The California Gold Rush is one of the most well-recognized and renowned events of the state’s history, in addition to being largely responsible for the rise in population after the Spanish settlement along the coast. However, the image that immediately comes to mind is traditionally the placer mining and shaft mines of the Sacramento and Nevada County areas. The hydraulic mining that flourished in the hills of Nevada County is vastly overlooked, though many might recognize the rusted monitors that often decorate the lawns of buildings and museums. Indeed, these large water-driven operations left their mark on California, regardless of their lack of publicity.
One of the larger Hydraulic operations was the Malakoff Diggings just outside of the North Bloomfield township. Ironically, this town was also initially written off. In the spring of 1851, three placer miners staked their claim on Humbug Creek. Roger and Owen McCullough with Owen Marlow found the mother load panning the creek. But after a time, their supplies ran low. They sent one of the McClulloughs to Nevada City to restock their supplies, making him promise not to give away their location.
It was alcohol that did the three miners in. McCullough imbibed while in town and bragged about his fortune, though he didn’t mention where he obtained it. And so, nearly 100 hopefuls followed McCullough back to the claim. They were disappointed, however, when they didn’t strike it rich. Many left for Nevada, calling the site a “humbug,” hoping to take advantage of the strikes they heard tell of in Nevada. A few stayed behind and set up camp along the creek.
Owen Marlow was one of the men who stayed. He sent word to his friend, William Carter in New Orleans. Carter set out for California six months later by way of the Isthmus of Panama. Upon his arrival at the town site, he began work on the Lafayette hotel, which he completed in 1855. But by that time, his was not the only establishment in the area. In 1856, a general store was up and running, as well as a saloon to service the 400 residents. The next year, they applied for a post office under the name, “Humbug.” That name was denied due to the fact that too many towns were “humbugs.” They tried, “Bloomfield,” but were forced to add “North” onto the name because of a Bloomfield in Sonoma.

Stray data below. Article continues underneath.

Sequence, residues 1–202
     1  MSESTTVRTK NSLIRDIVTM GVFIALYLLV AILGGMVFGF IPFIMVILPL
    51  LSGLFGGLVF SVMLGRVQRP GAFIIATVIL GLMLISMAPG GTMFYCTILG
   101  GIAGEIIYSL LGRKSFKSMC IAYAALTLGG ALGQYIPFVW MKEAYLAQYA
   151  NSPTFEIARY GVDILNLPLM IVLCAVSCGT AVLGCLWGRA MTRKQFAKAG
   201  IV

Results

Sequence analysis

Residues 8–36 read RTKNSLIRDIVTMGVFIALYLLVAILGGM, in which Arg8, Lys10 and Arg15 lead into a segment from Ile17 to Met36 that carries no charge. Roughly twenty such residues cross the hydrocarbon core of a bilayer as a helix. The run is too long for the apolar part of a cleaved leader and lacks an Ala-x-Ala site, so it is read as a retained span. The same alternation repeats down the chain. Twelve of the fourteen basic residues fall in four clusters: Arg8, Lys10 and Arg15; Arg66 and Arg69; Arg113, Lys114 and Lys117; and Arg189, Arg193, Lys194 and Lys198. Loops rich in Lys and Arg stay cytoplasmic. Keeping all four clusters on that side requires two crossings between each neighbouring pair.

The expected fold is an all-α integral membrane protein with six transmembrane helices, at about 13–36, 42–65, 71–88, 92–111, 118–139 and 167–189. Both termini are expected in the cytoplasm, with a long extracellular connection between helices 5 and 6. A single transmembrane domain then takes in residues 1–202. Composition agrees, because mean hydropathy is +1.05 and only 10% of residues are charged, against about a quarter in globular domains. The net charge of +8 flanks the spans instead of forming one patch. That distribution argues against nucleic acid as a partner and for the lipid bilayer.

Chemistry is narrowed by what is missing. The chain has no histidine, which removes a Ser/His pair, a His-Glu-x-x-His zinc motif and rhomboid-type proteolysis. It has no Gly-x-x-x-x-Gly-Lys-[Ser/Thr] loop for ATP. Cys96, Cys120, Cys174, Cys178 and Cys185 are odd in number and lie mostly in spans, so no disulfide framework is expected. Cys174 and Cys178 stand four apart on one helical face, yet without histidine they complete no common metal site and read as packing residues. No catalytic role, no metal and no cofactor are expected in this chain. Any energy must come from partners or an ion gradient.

Much like the rest of California, eventually, the gold on the surface began to disappear. Miners left, and the revenue for businesses declined. A sort of recession set in until businessmen from urban areas came together and purchased the miners’ claims. This was the beginning of the North Bloomfield Gravel Mining Company, or the “French Company.”
With the lack of surface gold, miners resorted to digging out the hillsides. However, three men by the names of Eli Miller, Anthony Cabot and Edward Matteson, put their heads together and discovered a much faster, more efficient way to get at the gold in the hills. They called it, “hydraulic mining.”
In the year 1852, Cabot engineered a hundred foot, six inch diameter hose from strips of saddle bag, which he attached to a three foot funnel of Miller’s making. They used the hose to bring water to their essentially dry claim. It was Matteson who suggested the addition of a three-foot nozzle with a inch and a half outlet be mounted on the discharge end of the hose. The momentum of water moving quickly downhill proved them with enough water pressure to begin washing away the hillside into a sluice, where they could sift through the gravel for gold. The year 1856 brought about the use of wrought iron pipes instead of hoses. They called the water cannons, “Hydraulic Monitors.” Matteson was credited for the invention because he was the one who made the invention public. Ten years later, French Company was incorporated.
The arrival of hydraulic mining is what grew Humbug from a little mining town to the fast growing, North Bloomfield. It is estimated that the, hydraulic mines in California produced $11 to $13 million a year in gold. But this great profit was not without its disadvantages. One of the greatest tragedies of this great era of gold mining was the ecological effect. These millions in gold were discovered because, “miners along the Feather, Yuba, Bear, and American rivers ripped up 1,295 million cubic yards of gravel – enough to cover Washington D.C. with a blanket of debris nineteen feet thick” (Hill, 118). By the year 1868, some of the riverbeds were higher than the town streets. The city of Marysville had to construct levees to prevent flooding which, of course, inevitably happened in 1875. Concurrently, the Malakoff mine in North Bloomfield had reached its peak of operation, employing seven hydraulic monitors.